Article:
Hierarchical Optimization of Integrated Water Reuse Schemes
With up to 40% of the world’s population in over 80 countries and regions experiencing water stress, water reuse has emerged as a genuine and reliable alternative that can be used to supplement, and in some cases substitute, traditional water sources. The already large number of water reuse schemes, existing primarily in areas of fresh water short-age, is expected to increase in the future due to several factors. In industrialized countries, the main drivers are the lack of dependable water supplies and wastewater disposal sinks, while the need to provide economically feasible new water supplies and protect existing water sources from pollution are the key factors influencing water reuse in the developing world (Asano 1999).
An important factor that needs to be considered in the context of planning of future water reclamation undertakings is the scale of the projects. The water reclamation projects are driven by demand and lack of alternative sources, which lead to projects being considered, or even made feasible, by securing one or several large customers, which offers greater demand security than securing smaller customers. As the demand for reclaimed water rises in the future, the number of potential end-users will also increase, leading to larger and more complex pro-jects requiring adequate tools for their development. In the city of Chicago, for example, which currently reuses only 2% of effluents dis-charged from its seven wastewater treatment plants (WWTPs), a study of future water reuse opportunities identified over 800 potential users (Meng 2005).
Reclaimed water projects typically include construction of new, or upgrades to a municipality’s existing, treatment systems to treat wastewater to the required quality level, and construction of distribu-tion systems for reclaimed water. Their realization requires deciding on many relevant issues beyond the scope of this chapter, but the three broad questions that need be answered for every potential project are: (i) How much of the available wastewater should be treated? (ii) What level of treatment needs to be provided? and (iii) How is the reclaimed water going to be distributed? It is very likely that a water reuse system could have many possible design options: different sets of served end-users, with various water quality requirements; type and degree of treatment; number and location of treatment plants; number and loca-tion of pumps or pumping stations; number, size and location of storage tanks; layout and size of distribution pipe network. These elements are all linked, to give multiple interactions and a very large number of de-sign combinations, even for apparently small systems.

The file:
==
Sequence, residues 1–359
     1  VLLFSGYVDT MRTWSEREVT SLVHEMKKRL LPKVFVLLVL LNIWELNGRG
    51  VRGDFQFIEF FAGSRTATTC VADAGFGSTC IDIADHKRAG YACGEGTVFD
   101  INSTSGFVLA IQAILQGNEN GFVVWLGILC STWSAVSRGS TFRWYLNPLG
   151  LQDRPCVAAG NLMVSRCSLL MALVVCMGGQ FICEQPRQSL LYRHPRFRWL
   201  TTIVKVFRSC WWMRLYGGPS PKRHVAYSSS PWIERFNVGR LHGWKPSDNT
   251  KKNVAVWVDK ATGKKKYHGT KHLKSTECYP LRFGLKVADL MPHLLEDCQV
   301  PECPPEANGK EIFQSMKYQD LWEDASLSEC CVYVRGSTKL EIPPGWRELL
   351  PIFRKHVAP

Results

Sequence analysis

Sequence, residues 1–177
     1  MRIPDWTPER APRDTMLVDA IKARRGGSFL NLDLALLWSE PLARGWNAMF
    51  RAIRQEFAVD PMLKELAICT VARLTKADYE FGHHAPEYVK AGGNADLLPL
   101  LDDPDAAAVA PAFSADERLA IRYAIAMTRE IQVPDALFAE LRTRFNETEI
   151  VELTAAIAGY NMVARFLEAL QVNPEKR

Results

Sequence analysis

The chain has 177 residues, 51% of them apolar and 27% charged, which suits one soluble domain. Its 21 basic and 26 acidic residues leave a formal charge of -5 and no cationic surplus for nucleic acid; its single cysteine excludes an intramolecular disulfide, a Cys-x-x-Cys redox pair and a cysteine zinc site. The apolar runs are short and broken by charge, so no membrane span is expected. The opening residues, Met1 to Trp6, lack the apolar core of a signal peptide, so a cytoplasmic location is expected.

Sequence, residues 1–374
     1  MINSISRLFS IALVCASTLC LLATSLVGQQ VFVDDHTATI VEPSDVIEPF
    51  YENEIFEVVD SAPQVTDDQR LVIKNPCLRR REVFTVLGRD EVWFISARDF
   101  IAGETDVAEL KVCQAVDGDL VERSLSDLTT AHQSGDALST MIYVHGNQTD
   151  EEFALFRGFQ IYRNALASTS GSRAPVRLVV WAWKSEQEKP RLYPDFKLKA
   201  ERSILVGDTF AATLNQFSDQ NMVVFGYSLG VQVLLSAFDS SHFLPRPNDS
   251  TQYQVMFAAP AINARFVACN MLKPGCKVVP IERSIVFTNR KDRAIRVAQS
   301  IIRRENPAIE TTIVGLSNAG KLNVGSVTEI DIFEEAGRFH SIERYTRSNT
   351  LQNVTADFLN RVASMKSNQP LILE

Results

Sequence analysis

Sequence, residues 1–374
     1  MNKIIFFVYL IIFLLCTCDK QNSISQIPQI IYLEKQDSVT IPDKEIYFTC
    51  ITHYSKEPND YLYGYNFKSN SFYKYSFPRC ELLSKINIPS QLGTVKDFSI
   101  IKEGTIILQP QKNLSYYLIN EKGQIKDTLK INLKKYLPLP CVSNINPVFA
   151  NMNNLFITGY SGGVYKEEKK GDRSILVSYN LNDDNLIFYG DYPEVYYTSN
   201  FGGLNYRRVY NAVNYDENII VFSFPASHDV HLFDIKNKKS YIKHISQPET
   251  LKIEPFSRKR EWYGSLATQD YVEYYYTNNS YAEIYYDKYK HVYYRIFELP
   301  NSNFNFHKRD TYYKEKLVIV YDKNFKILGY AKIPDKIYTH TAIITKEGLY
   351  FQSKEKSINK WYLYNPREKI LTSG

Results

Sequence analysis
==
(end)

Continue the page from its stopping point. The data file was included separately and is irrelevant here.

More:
A simple trade-off example that highlights the interaction between system components can be made considering a hypothetical scenario with only two potential users. The first user is an industry located rela-tively close to the WWTP requiring a constant supply of high-quality reclaimed water for process use, and the second user, located further away from the reclamation plant, has the seasonal need for reclaimed water of lower quality for restricted irrigation. Providing reclaimed wa-ter to the first user would likely require a more expensive treatment option, but less expensive distribution system and no need for seasonal storage, whereas a more extensive distribution system and seasonal storage would be required to satisfy the second user’s demands, albeit with less treatment. Even if an assumption is made that the annual re-claimed water requirements for the two users are the same, there is an obvious need to perform a comprehensive analysis of design options prior to making the final decision.
The trade-offs involved in determining the optimal water reclama-tion system configuration illustrated above on a very simple case is amplified if different combinations of available treatment processes are contemplated and/or a greater number of potential end-users is considered. The complexity associated with planning of water reuse schemes is therefore very high due to a very large number of design combinations possible, and establishes the need for use of a decision support system (DSS) to aid in the planning process.
This chapter presents the development and results of application of a DSS for Water Treatment for Reuse and Network Distribution (WTRNet), developed as part of the AQUAREC project (AQUAREC 2006). A brief overview of the WTRNet components is first presented, followed by the description of the methodology developed to conduct optimal selection of reclaimed water customers, treatment processes and distribution components. The developed DSS was applied on a number of hypothetical case studies, and the results are provided in this chapter to illustrate some of the potential WTRNet applications.
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